“How could you keep my reflection?” he continued. “It is inseparable from me. It accompanies me everywhere, is sent back to me by all calm and pure water, by all polished surfaces.”
“So,” says Giuletta, “even in this aspect, even in this dream of your being that stays in this mirror here, you refuse to give to me, you who just a moment ago were yet speaking of belonging to me body and soul!”
“If I have to leave, may my reflection remain in your possession for ever and eternity!”
Giuletta held out her arms to the mirror. Erasme saw his image, independent of the movements of his body; he saw it slip into Giuletta’s arms and disappear with her into the middle of a strange vapor. (142)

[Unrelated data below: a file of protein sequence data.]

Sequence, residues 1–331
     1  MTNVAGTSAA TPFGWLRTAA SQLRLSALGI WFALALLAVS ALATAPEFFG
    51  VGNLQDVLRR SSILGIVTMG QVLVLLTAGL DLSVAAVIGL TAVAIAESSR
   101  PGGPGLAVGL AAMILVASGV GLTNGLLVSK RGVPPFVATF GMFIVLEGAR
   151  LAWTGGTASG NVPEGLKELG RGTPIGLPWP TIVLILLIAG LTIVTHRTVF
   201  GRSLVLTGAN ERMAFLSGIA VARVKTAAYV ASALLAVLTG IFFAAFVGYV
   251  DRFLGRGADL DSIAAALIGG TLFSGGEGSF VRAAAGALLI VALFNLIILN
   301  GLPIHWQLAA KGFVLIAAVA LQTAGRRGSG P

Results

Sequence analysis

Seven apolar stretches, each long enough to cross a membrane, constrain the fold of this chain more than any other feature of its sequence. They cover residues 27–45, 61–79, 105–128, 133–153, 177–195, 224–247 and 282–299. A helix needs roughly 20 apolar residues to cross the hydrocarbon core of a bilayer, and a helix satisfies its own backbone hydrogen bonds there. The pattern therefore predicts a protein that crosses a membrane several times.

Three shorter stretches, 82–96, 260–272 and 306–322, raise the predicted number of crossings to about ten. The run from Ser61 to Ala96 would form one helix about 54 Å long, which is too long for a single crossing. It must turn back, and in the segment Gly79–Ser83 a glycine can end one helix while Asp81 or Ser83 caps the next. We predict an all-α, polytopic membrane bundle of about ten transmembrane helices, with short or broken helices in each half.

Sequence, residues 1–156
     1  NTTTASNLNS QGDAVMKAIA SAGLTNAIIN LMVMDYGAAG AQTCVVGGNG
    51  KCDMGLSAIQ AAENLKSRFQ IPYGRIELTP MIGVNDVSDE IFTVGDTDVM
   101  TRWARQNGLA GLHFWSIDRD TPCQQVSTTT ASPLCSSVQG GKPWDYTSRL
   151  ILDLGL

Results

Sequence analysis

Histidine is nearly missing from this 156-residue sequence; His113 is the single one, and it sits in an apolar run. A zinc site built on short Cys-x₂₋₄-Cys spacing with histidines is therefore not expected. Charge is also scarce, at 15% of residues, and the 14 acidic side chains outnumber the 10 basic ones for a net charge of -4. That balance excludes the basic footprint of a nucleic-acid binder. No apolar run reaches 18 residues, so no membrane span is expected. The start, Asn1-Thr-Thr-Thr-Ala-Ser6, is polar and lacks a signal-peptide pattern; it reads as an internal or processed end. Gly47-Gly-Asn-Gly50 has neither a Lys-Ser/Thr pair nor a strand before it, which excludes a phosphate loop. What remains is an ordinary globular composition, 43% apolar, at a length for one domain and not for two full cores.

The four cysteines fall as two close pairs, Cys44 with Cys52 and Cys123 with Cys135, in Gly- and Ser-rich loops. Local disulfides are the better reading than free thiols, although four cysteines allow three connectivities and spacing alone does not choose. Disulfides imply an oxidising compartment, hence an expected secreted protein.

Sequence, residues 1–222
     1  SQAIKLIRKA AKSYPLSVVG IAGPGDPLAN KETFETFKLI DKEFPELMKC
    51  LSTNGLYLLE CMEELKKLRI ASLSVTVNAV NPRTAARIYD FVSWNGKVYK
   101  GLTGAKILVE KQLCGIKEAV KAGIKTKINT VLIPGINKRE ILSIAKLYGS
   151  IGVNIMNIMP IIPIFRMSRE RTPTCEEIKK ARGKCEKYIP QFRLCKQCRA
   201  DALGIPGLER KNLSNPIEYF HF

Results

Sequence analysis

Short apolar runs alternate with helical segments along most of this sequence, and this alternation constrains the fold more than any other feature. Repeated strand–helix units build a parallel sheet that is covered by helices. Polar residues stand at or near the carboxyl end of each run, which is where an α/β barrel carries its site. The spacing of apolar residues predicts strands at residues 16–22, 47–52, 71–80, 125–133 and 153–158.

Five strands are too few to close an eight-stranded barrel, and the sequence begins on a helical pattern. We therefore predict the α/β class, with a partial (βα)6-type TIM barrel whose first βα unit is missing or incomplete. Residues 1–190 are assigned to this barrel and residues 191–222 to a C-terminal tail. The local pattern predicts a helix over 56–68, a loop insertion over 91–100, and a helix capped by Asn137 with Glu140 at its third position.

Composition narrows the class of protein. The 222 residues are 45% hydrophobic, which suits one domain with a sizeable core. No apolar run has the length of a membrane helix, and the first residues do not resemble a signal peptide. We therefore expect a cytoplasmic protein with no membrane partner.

At least in European folk belief, mirrors are passages and vehicles by which we can interact with our own and others’ spirits. As Lecouteux writes, “Connecting us to the other world — or rather, in accordance with the mind of our time, to the hidden side of the universe — the psychic Double has knowledge of the destinies of others through their potential alter egos” (129). With mirrors, Doubles can be both sent off and possessed, and they can be contacted and utilized for magical and prophetic purposes. Thus, the mirror functions as a medium through which we can come face-to-face with not only our reflections but our other Selves and the unseen world as a whole — and glass is a tool by which we can harness and direct those powers.
Lecouteux, Claude. Witches, Werewolves, and Fairies: Shapeshifters and Astral Doubles in the Middle Ages. Trans. Clare Frock. Rochester: Inner Traditions, 2003. Print.
Stern, James, ed. The Complete Grimm’s Fairy Tales. New York: Pantheon, 1972. Print.